The worst part of any book
is almost always the binding.
This is not to say
there are not beautiful books
hidden between charming covers.
Rather, the binding is a crook,
that steals by confining,
confounding every page
with a thousand stories overlooked
by those ever opposed lovers.
I yearn to read just one book
unbound from its bindings,
that can life’s chaos convey.
A book that is neither a book,
nor governed by cover-sown shutters.
At DVerse, the prompt today is to write a poem that’s loosely based on French ideals and culture OR
to write a poem using the poetic form “Rimas Dissolutas.”
Photo by Florian Klauer on Unsplash
Oh, tinsel tailor,
with your shop
full of hybrid silver
and paper snow.
Why plant trees
with steel roots
that never grow
and top them
see the sky?
Is the truth
not as beautiful
as the lie?
At DVerse this week, the prompt is to write a quadrille around the word Tinsel.
Photo by Алсу Вершинина on Unsplash
Click! What is your name?
I think that I’ve forgotten.
Tap! Tap! Fingertips whisper.
Bloody, bloody fingers.
Can you tell me why you did it?
At DVerse, the prompt today is to write a poem in the wayra form, incorporating onomatopoeia. I have amended this and written a short story in the wayra form.
Photo by The Dark Queen on Unsplash
The dark chocolate echoing of dusk
against the Ferris Wheel
overlooking the fairgrounds
That bittersweet evening
Is on my lips
And the errant air
Tastes like apple-crisps
Though cotton-candy conversation parched,
as if by design
Your hands are water
And your lips wine
Photo by Stanislav Ferrao on Unsplash
At DVerse today, the prompt is to write a Quadrille poem consisting of 44 words exactly (not including the title) in response to the challenge. The word today is ‘Fair’ and it must be used in some form within your poem.
That old swing-set
was young when I was young,
its shoulders fresh painted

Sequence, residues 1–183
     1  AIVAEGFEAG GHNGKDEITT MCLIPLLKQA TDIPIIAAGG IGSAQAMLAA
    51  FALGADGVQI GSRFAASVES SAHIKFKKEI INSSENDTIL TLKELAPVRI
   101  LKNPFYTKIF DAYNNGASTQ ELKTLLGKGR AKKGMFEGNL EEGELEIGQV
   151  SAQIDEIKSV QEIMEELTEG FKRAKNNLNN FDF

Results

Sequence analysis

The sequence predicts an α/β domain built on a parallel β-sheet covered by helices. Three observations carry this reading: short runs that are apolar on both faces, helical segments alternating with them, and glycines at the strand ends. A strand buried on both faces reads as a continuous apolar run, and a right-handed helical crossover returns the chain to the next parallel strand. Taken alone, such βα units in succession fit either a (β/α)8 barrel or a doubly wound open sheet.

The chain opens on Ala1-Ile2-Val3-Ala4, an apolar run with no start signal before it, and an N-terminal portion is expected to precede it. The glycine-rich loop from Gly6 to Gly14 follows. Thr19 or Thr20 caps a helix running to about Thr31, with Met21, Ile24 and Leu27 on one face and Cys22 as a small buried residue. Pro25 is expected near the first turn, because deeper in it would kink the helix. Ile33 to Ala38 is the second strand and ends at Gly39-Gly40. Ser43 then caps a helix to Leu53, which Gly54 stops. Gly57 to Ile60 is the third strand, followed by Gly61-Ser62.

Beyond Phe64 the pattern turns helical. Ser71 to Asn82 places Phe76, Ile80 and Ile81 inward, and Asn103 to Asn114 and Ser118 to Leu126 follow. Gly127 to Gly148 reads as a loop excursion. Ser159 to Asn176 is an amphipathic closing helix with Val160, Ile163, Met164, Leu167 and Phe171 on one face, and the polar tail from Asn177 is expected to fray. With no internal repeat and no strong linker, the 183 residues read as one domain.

and its swings not yet deep rust-set.
We made fast friends,
that old swing-set and I,
though he sometimes threw me from his shoulders
knocking my knees and dusting my hands
That swing-set’s hands are splintered
and I visit my old friend with calloused hands
to find his swings gone and his paint chipped
from when I was away those many, many winters.
I climb his side with a book in hand,
as I once did when I was younger,
and I read all afternoon with my old friend
in the shadow of the boy I was – now a man.
At DVerse, the prompt today is to write a poem recalling some specific thing or things from the past OR more generally about what evokes a memory or memories in you.
Photo by Tobias Kebernik on Unsplash
Like cigar ash
my memories of you long linger,
tight packed in my heart
and in my head.
When my lungs make room
for new memories,
the ash burns as warm
as your smile,
smelling of cedar
the soft-sweetest spices.
Photo by Lucas Filipe on Unsplash
The prompt on DVerse this evening is to write an ash quadrille – 44 words, including the word ash.
It is human
to gather moss
on things that matter
and on things that do not.
It is human
to settle too soon
to sink into hillsides
that feel like home
to be a stone unrolled
but somehow still happy
Photo by 许 婷婷 on Unsplash
On DVerse today, we are carving a poem out of the word stone, and making it precisely 44 words long, not counting the title.
Her lips taste like cigarette smoke
even from a thousand miles away.
Her eyes smolder whistfully in my memory like tobacco ashes,
ashes that her eyelids would flick deftly from her cheeks
to the pavement at random intervals
under both cloudy or clear skies.
Her soul burning slowly down to the filter
until there is nothing left
and whether cloudy or clear
the ash-touched sky
tastes like regret.
Photo by Peri Stojnic on Unsplash
On DVerse the prompt is to write about an emotion or abstract concept. What does it taste like?